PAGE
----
“At that time of segregation, Davidson was something like a pioneer in its willful hope for better days,” Nzengu said during a 2012 speech at the college. “Moreover, in its fight for greater justice for all, the college was a beacon of courage and determination, and above all, love for all human beings.”

The two Congolese students set the stage for the college’s first Black American students, Leslie Brown and Wayne Crumwell, who came to Davidson in 1964.

Outspoken Critic of Authoritarianism

Nzongola-Ntalaja originally envisioned a medical career. But as he became more involved in the civil rights movement, he switched from a pre-med track to a philosophy major.

After Davidson, he received his master’s degree in diplomacy and international commerce from the University of Kentucky, and a doctorate in political science from The University of Wisconsin-Madison. In 1971 he returned to Africa and taught for nearly three years, the first at the Congo Free University, (then a Protestant university, now the University of Kisangani) and the last two at the National University of Zaire’s Lubumbashi campus (now the University of Lubumbashi.)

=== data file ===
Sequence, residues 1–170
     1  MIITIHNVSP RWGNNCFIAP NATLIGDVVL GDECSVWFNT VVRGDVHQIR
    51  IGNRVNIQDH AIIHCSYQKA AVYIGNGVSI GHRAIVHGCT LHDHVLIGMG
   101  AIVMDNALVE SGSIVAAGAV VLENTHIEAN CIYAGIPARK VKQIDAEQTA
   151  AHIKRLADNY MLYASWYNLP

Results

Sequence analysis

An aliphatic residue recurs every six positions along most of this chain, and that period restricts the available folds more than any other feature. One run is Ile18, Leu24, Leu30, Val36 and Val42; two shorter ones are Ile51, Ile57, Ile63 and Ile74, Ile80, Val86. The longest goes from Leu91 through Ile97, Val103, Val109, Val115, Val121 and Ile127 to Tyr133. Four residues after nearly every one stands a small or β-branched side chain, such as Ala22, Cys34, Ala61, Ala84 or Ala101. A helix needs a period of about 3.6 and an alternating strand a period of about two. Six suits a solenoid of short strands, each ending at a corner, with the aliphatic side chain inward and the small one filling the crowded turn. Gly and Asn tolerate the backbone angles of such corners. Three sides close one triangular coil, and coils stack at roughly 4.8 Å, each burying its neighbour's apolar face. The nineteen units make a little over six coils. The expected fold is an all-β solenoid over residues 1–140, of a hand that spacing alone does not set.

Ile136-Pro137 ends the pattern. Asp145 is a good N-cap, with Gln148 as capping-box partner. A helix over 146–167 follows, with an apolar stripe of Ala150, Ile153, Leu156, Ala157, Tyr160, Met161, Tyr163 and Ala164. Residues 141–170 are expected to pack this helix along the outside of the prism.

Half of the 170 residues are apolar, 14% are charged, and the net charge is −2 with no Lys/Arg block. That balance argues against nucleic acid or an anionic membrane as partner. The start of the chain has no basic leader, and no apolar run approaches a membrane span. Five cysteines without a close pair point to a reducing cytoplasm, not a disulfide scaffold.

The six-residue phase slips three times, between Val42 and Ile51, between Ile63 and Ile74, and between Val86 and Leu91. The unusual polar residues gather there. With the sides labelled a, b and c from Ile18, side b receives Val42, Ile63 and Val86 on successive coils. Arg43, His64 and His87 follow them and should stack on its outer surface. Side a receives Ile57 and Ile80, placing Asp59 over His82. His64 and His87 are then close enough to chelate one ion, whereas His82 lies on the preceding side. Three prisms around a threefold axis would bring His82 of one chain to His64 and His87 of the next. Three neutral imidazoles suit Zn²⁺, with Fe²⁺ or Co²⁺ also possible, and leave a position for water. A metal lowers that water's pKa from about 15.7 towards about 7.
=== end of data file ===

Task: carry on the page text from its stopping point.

His country’s democratic gains of the early 1960s had succumbed to General Mobutu Sese Seko’s takeover in a 1965 military coup. Mobutu renamed the country Zaire.

Nzongola-Ntalaja’s vocal criticisms of Mobutu’s authoritarian, violent and corrupt regime subjected him to harassment and death threats. The Security Police interrogated him for hours. He returned to the United States and remained in self-imposed exile for 17 years. 

He taught African Studies at Howard University and published numerous articles and several books about his home country. He returned to Davidson as a visiting political science professor in 1990, then nine years later as the James K. Batten Professor of Public Policy.

In 1991, he returned to the Congo, joining the Congolese Sovereign National Conference the next year. Their main objective was to get Mobutu out of power and create a democracy. That didn’t happen until Mobutu was overthrown in 1997 and forced into exile. The country went back to its original name—and continues working toward a stable democracy.